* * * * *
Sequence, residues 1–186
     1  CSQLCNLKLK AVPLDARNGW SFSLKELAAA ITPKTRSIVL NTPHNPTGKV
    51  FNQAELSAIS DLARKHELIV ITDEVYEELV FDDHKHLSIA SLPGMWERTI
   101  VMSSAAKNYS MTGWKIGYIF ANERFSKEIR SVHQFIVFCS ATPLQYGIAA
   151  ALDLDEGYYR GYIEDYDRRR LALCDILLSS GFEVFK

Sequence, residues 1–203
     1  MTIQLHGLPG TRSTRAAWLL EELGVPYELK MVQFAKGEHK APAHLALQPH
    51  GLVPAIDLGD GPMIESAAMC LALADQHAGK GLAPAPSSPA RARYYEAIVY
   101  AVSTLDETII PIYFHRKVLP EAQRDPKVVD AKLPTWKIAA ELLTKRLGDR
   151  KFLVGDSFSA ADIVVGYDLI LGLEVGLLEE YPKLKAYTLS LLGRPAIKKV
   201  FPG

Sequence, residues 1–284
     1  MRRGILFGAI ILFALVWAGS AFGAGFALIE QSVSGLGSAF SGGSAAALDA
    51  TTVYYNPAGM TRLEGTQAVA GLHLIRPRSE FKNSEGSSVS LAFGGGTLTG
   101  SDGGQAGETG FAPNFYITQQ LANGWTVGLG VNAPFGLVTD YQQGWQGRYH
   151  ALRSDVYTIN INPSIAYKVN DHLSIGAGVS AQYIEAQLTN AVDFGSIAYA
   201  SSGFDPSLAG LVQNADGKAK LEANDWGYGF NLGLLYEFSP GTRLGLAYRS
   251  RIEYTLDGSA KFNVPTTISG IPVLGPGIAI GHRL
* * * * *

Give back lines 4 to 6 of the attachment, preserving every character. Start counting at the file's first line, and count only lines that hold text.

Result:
   101  VMSSAAKNYS MTGWKIGYIF ANERFSKEIR SVHQFIVFCS ATPLQYGIAA
   151  ALDLDEGYYR GYIEDYDRRR LALCDILLSS GFEVFK

Sequence, residues 1–203